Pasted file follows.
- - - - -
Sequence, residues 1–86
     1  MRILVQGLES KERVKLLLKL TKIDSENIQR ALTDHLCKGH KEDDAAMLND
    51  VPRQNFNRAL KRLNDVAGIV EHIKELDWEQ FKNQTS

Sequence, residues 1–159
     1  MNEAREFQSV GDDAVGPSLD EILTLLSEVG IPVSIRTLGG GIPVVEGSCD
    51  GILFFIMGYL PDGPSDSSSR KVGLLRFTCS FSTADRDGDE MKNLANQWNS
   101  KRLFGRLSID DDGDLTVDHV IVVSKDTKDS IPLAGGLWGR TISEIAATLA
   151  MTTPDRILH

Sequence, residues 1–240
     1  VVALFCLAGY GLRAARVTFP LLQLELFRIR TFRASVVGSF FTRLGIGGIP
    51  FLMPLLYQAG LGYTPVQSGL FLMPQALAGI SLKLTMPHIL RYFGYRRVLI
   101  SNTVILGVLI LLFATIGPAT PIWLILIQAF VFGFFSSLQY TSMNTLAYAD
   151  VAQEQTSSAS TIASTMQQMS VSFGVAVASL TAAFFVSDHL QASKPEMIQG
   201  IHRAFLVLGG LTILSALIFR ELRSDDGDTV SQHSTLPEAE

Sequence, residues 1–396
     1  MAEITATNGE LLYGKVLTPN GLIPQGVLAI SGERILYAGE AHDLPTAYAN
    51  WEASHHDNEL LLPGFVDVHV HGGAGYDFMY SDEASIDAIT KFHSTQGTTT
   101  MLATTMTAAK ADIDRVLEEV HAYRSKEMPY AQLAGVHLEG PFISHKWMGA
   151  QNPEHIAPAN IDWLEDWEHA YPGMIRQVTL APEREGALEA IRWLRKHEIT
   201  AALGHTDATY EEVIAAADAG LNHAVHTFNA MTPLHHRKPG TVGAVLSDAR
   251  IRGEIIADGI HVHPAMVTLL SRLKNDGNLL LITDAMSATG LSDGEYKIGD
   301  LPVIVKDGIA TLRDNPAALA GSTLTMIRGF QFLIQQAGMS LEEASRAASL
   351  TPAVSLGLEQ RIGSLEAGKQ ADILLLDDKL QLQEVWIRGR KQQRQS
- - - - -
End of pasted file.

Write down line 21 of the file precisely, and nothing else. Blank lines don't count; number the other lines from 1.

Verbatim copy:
   251  IRGEIIADGI HVHPAMVTLL SRLKNDGNLL LITDAMSATG LSDGEYKIGD